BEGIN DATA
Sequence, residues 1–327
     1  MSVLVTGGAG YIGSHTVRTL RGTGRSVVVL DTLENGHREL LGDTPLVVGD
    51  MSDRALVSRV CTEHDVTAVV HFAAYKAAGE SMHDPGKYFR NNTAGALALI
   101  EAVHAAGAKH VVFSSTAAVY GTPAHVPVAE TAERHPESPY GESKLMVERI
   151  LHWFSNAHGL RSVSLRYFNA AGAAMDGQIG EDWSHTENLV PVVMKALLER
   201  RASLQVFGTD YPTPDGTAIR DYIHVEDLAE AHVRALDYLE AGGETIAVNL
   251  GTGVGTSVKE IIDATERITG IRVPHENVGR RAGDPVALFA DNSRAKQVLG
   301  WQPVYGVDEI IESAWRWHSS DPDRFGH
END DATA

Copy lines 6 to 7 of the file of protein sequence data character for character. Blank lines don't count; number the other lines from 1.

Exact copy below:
   201  RASLQVFGTD YPTPDGTAIR DYIHVEDLAE AHVRALDYLE AGGETIAVNL
   251  GTGVGTSVKE IIDATERITG IRVPHENVGR RAGDPVALFA DNSRAKQVLG